Bristol school budget to be decided on Tuesday
BRISTOL — Local school directors here are hoping for a strong voter turnout at the polls on Tuesday, June 16, when the third version of a proposed 2015-2016 Bristol Elementary School (BES) budget will be decided.
The proposed spending plan of $4,918,334 represents a 2.48-percent increase compared to the current BES budget of $4,799,307, which runs through June 30. But perhaps of more interest to local taxpayers than the bottom line is the fact that the new spending plan reflects a decrease of around $64 in spending per pupil (from the current $14,567 per pupil to $14,503).
This is the main reason that approval of the BES budget on June 16 would result in an $18 reduction in education property taxes for the owner of a home valued at $200,000. The savings would be $27 for the owner of a $300,000 home, and $9 for a homestead valued at $100,000, according to figures provided by the Addison Northeast Supervisory Union.
Another factor causing the tax decrease, according to school officials, was that the Common Level of Appraisal (CLA) has increased from 92.24 percent in fiscal year 2014-2015 to 93.49 percent in 2015-2016. The CLA is a formula that adjusts tax rates to ensure that homes are taxed on their current fair market value.
BES board members Elin Melchior and Krista Siringo discussed the latest budget draft at a public meeting on Saturday, June 6, that drew two citizens, a reporter and Rep. Fred Baser, R-Bristol. The board has been looking to get more feedback from voters, who on March 3 defeated — by a 377 to 276 tally — an original BES spending proposal of $4.931 million. School directors trimmed $2,700 and made some other adjustments that would have allowed for restoration of some instructional positions. But residents rejected that revised spending plan on April 14 by a 224-20166 tally.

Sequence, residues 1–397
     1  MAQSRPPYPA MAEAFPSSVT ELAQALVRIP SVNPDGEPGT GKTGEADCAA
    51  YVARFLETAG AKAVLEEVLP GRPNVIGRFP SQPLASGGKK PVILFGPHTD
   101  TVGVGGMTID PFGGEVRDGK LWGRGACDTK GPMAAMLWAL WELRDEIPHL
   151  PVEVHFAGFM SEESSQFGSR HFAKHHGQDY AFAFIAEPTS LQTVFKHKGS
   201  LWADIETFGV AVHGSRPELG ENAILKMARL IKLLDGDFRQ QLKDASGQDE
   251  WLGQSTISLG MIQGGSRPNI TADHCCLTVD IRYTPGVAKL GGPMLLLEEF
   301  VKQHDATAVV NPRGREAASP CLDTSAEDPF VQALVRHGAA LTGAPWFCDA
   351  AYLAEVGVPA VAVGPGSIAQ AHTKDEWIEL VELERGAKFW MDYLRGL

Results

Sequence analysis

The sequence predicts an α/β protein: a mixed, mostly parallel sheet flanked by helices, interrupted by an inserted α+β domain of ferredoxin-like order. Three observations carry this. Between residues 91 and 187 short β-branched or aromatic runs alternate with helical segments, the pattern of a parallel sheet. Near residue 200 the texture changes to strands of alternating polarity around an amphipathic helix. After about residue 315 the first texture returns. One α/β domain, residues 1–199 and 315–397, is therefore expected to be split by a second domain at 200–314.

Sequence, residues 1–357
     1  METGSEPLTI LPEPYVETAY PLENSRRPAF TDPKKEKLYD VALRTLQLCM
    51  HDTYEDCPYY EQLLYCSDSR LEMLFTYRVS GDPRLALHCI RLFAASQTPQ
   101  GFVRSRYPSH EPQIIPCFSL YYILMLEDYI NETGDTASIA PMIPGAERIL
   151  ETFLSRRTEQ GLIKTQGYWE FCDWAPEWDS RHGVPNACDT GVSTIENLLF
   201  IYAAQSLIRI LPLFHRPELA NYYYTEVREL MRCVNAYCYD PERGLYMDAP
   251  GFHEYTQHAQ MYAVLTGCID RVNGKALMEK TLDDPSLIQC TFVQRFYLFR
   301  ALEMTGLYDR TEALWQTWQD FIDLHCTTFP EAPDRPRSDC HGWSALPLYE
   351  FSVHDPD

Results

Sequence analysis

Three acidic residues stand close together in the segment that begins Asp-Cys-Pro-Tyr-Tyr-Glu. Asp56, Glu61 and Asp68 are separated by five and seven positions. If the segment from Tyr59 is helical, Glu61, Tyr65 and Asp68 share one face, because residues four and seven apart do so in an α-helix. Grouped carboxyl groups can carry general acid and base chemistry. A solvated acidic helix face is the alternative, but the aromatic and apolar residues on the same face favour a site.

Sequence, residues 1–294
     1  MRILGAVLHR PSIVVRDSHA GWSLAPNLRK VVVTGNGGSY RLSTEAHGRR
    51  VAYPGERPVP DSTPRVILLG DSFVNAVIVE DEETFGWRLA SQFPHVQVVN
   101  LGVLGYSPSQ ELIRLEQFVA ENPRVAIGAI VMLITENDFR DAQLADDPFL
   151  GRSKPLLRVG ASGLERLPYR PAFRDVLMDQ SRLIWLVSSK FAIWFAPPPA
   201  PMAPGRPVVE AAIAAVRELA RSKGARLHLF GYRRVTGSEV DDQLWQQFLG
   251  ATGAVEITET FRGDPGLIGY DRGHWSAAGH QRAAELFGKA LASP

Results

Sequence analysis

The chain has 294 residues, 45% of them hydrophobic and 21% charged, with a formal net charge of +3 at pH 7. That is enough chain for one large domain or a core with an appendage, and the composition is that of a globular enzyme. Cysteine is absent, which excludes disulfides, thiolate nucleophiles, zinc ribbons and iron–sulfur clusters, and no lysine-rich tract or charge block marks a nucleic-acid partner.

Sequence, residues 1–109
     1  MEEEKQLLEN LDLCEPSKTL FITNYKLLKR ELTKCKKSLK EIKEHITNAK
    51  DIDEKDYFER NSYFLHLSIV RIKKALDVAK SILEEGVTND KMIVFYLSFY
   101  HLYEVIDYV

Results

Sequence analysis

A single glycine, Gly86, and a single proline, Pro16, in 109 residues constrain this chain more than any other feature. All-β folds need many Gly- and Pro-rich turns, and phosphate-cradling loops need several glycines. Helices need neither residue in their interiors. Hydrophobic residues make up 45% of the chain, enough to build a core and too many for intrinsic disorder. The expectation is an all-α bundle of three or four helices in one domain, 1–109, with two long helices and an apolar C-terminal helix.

School officials went back to the drawing board and trimmed another $11,000 to produce the plan that will be decided next Tuesday. This past Saturday, Melchior and Siringo discussed various features of the latest budget draft, which includes some of the following cuts as compared to the current BES spending plan:
• 2.5 fewer full-time-equivalent “general education paraprofessional” positions.
• 2 fewer full-time-equivalent classroom teaching positions, which would boost the average class size at BES from the current 16 to 18.
• A reduction of 0.8 FTE in the category of school-based clinicians.
• The withholding of $10,000 that had been earmarked for the BES sinking fund and $3,840 for furniture and fixtures.
Melchior and Siringo noted that the budget also includes two noteworthy additions (compared to 2014-2015) to strengthen educational offerings: Around $51,600 to help subsidize a district math coach; and $98,051 to provide grants of approximately $3,000 to $4,000 to local families for pre-K education for their children. Melchior noted the state Legislature in 2014 passed a “universal pre-K” law that requires all school districts to provide 10 hours of high-quality, free pre-kindergarten each week to all 3- and 4-year-olds whose families choose to enroll them. The state elected to delay implementation until 2017, but BES officials had the money budgeted for this year and have decided to proceed with the offering.